moment is a sham? Like he was just acting the whole time?”

“It just means we all have to start over,” Ali replies.

In my favorite scene of the series, Maura lights Shabbat
candles for the first time, a Jewish tradition reserved for the mother of the
house. I love this scene because it highlights the wonderful juxtapositions
that characterize the entire series—the desire for tradition, stability and
wisdom leads each character back to a faith that is literally thousands of
years old, but each character is also constantly reconciling this drive with
the recognition that these traditions need to evolve in order for them, and for
us, to truly thrive.

Arielle Bernstein
a writer living in Washington, DC. She teaches writing at American
University and also freelances. Her work has been published in
Millions, The Rumpus, St. Petersburg Review and The Ilanot Review. She
has been listed four times as a finalist in
Glimmer Train short story
. She is currently writing her first book.

WATCHABLES Podcast #1, Feat. Arielle Bernstein and Mike Spry! From Beyonce to BOYHOOD to BIRDMAN To…

WATCHABLES Podcast #1, Feat. Arielle Bernstein and Mike Spry!

nullWe’re proud to present the first installment of Press Play’s new podcast, Watchables! This segment features our columnists Mike Spry and Arielle Benstein; future installments will bring Seth Abramson into the mix! On a semi-regular basis, the brave podcasters will discuss anything that’s… well… watchable, from film to TV to viral videos to Instagram. Today, Bernstein and Spry ruminate on their favorite things from 2014. What does this mean, for them? It means Beyonce meets Boyhood meets Birdman meets Obvious Child meets John Oliver meets… well, you’ll see. (Note: it was recorded some time ago, so forgive some references to certain holidays that might cause a slight time-machine effect.) The link is at the bottom of the page. And: if you need a visual reinforcement for some of the watchables discussed, we’ve provided a couple of those as well!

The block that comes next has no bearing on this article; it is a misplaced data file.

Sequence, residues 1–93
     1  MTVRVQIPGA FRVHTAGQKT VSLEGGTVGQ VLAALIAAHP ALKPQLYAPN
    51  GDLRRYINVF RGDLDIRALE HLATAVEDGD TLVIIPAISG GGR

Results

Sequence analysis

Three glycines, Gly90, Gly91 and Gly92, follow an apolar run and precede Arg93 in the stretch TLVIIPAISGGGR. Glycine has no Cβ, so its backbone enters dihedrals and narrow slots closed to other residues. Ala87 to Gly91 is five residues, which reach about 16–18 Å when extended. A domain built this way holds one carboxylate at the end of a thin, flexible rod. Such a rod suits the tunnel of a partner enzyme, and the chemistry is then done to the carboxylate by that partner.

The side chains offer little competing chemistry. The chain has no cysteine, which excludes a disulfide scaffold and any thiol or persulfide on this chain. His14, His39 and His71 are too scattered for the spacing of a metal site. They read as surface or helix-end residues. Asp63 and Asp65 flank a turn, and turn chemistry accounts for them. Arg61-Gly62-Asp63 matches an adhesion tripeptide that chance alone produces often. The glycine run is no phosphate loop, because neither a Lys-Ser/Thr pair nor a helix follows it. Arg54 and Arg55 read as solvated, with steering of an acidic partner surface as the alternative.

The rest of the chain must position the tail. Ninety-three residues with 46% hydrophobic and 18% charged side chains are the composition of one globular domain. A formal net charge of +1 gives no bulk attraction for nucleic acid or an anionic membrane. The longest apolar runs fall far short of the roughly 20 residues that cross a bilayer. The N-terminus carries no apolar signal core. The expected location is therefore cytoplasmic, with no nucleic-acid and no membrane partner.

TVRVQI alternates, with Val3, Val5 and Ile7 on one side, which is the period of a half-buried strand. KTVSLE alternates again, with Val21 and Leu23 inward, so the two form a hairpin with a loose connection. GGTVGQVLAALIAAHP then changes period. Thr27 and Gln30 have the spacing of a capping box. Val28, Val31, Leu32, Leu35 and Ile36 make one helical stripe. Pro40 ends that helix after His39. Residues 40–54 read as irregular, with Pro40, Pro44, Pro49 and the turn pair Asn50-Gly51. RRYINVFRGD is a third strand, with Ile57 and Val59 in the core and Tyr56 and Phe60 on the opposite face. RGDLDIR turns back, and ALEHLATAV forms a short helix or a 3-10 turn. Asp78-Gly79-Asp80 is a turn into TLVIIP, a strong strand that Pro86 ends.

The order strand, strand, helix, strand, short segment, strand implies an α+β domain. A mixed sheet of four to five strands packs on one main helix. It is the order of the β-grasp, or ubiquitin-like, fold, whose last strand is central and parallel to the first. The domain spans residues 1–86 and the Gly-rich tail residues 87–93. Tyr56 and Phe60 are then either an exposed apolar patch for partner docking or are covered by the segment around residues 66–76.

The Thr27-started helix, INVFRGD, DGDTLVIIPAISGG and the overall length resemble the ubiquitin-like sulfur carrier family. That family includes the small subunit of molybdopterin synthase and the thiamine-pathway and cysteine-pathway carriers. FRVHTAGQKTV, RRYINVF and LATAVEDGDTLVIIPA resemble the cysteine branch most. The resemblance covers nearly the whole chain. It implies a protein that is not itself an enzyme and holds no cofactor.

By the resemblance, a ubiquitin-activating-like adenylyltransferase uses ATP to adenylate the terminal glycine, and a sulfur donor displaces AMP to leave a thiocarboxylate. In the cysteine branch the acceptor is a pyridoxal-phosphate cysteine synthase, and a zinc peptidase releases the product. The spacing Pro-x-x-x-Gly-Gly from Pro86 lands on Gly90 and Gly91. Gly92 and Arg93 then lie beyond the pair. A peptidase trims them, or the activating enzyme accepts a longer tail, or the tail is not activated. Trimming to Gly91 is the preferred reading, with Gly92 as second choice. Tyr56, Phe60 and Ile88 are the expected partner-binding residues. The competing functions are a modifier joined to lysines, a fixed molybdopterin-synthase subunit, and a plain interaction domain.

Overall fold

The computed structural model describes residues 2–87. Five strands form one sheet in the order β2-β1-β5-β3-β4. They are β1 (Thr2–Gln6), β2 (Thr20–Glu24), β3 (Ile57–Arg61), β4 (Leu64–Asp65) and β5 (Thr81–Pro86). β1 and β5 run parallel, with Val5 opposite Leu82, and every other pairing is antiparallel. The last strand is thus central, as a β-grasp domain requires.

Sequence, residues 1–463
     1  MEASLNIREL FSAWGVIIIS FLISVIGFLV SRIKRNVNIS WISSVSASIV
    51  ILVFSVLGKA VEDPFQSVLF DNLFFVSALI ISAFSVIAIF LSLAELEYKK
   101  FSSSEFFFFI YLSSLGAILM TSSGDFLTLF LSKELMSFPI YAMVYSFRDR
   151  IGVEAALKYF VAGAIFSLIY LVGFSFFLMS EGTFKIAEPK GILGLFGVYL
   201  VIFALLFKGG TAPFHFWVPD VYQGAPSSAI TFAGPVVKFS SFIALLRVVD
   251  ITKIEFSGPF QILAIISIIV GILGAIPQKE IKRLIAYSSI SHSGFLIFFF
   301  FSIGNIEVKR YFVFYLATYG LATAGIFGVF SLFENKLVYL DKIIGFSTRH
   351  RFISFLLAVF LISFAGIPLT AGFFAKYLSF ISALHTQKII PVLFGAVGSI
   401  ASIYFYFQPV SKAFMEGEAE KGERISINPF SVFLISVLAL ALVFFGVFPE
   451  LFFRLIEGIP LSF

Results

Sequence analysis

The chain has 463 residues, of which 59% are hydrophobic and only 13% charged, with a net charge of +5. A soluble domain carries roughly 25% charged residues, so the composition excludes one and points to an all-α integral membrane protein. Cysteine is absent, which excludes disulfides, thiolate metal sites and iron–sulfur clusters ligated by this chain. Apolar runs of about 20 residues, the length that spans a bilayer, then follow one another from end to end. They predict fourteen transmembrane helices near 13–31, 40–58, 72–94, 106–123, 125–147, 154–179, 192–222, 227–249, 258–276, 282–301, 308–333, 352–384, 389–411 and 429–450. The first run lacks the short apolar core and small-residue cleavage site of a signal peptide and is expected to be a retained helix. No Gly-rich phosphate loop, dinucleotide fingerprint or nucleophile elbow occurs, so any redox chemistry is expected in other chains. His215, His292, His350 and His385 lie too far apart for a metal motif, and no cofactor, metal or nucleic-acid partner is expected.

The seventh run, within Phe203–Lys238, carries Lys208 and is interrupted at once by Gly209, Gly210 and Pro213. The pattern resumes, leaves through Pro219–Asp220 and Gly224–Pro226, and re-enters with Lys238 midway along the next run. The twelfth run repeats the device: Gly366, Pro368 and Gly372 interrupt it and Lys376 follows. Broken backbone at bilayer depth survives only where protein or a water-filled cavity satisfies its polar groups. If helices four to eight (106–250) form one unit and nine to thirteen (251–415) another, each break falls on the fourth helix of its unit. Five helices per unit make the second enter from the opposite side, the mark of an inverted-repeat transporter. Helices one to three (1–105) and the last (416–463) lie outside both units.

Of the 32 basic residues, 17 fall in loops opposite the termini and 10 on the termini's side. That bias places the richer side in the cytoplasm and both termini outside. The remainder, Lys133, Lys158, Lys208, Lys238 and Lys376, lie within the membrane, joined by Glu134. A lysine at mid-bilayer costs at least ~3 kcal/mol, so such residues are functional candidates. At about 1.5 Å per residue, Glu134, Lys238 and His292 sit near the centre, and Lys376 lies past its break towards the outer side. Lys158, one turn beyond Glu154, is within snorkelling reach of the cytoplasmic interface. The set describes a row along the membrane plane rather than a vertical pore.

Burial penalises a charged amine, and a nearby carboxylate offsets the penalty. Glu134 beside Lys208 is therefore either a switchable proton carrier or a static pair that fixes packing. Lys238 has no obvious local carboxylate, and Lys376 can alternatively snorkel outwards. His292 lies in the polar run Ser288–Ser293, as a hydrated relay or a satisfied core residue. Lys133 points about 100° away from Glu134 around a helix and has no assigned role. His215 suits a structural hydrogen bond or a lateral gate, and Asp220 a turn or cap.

explorer is, often problematically, a part of America’s cultural heritage. We
still revere early American colonizers like Christopher Columbus in the same
way that we idolize the modern American cowboy. The explorer is portrayed as an
admirable adventurer in America’s literary landscape too, from Henry David
Thoreau’s Walden to Jack Kerouac’s On the Road. We cheer on the male leads
in films ranging from Indiana Jones
to Lord of the Rings, from children’s movies like The Lion King, to dark dystopian
landscapes like The Road.

does it mean to be a woman in this largely male-dominated history? In The Power of Myth, Joseph Campbell